I use gpg-agent sometimes with no X display or over ssh, so my config file contains:

pinentry-program /usr/bin/pinentry-curses

This way, the gpg passphrase is requested in curses.

That said, in some graphical scripts, I wish to use the GTK pinentry instead. How to call gpg and temporarily use a different pinentry?

2 Answers 2


You can use the PINENTRY_USER_DATA environment variable to give gpg information to pass to the pinentry command. You then need to set pinentry-program to a custom wrapper such as this that will run the curses or the GTK pinentry depending on that variable.

Note that this only seems to work with GPG 2.x, contrary to what the documentation of GPG 1.x says.

So with that script, you use gpg2 to use pinentry-curses and PINENTRY_USER_DATA="gtk" gpg2 to use pinentry-gtk-2.


Looking at man pinentry-gnome3, I see this:

   pinentry-gnome3  implements  a PIN entry dialog based on GNOME 3, which
   aims to follow the GNOME Human Interface Guidelines as closely as  pos‐
   sible.   If the X Window System is not active then an alternative text-
   mode dialog will be used.  There are other flavors that  implement  PIN
   entry dialogs using other tool kits.

Unfortunately, this text-mode fallback doesn't work for me. It seems others have the same issue. However, this comment spurred my to try a different GUI pin-entry program: pinentry-gtk2. You can switch like this:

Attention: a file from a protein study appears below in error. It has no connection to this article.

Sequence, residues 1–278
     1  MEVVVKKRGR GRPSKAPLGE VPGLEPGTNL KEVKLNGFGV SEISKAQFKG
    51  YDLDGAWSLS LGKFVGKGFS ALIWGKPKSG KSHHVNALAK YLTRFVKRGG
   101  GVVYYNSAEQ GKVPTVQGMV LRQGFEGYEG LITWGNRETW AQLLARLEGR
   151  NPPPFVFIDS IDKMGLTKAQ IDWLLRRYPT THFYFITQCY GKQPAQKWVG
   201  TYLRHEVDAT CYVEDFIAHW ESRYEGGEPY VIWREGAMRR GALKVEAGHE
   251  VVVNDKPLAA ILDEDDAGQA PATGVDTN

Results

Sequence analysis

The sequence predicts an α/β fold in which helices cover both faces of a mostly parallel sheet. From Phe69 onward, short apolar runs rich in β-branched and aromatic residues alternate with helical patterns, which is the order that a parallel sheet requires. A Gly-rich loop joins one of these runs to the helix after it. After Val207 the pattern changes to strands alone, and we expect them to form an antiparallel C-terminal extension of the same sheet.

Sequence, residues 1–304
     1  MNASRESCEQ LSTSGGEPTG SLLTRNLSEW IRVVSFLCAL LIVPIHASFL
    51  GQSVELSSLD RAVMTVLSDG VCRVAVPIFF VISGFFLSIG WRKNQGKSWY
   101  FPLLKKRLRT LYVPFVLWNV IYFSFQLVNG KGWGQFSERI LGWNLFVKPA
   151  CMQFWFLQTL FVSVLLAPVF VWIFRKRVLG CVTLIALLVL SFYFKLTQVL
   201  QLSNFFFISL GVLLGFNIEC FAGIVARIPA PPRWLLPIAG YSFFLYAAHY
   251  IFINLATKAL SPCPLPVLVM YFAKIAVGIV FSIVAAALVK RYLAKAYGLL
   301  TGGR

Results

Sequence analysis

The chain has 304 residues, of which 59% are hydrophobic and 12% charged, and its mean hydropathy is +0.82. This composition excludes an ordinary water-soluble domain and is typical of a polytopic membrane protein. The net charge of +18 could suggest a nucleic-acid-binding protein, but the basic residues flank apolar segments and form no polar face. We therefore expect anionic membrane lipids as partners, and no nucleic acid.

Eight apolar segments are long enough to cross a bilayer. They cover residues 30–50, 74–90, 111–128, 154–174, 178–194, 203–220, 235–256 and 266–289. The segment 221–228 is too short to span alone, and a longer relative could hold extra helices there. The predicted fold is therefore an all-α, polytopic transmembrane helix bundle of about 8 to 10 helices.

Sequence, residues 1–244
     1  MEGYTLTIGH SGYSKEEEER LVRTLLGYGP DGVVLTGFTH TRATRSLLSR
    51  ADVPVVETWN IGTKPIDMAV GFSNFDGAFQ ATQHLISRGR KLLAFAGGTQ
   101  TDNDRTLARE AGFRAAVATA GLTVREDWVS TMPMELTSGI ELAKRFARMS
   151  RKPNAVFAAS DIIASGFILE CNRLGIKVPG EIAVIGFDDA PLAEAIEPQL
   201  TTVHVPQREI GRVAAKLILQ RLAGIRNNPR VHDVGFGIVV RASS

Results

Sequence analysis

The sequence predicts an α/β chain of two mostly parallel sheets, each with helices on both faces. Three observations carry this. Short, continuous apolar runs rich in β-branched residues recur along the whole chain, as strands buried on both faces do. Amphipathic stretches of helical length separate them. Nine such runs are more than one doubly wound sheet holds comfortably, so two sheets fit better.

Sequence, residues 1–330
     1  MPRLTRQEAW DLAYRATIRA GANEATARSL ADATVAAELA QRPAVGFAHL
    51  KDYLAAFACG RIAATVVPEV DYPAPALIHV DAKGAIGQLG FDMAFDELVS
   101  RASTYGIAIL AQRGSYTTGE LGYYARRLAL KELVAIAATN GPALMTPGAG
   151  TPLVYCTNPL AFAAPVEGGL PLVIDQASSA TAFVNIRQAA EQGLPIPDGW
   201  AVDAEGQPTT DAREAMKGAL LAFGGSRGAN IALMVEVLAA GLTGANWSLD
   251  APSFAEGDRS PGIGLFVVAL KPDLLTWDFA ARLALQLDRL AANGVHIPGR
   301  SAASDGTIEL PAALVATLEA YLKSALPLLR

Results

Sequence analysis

> sudo update-alternatives --config pinentry
There are 3 choices for the alternative pinentry (providing /usr/bin/pinentry).

  Selection    Path                      Priority   Status
* 0            /usr/bin/pinentry-gnome3   90        auto mode
  1            /usr/bin/pinentry-curses   50        manual mode
  2            /usr/bin/pinentry-gnome3   90        manual mode
  3            /usr/bin/pinentry-gtk-2    85        manual mode

Press <enter> to keep the current choice[*], or type selection number: 3
update-alternatives: using /usr/bin/pinentry-gtk-2 to provide /usr/bin/pinentry (pinentry) in manual mode

Once I switched, it worked perfectly for me! In a terminal on the desktop, it will use the GUI password entry, but when I ssh into my machine, it will use a text-mode password entry.

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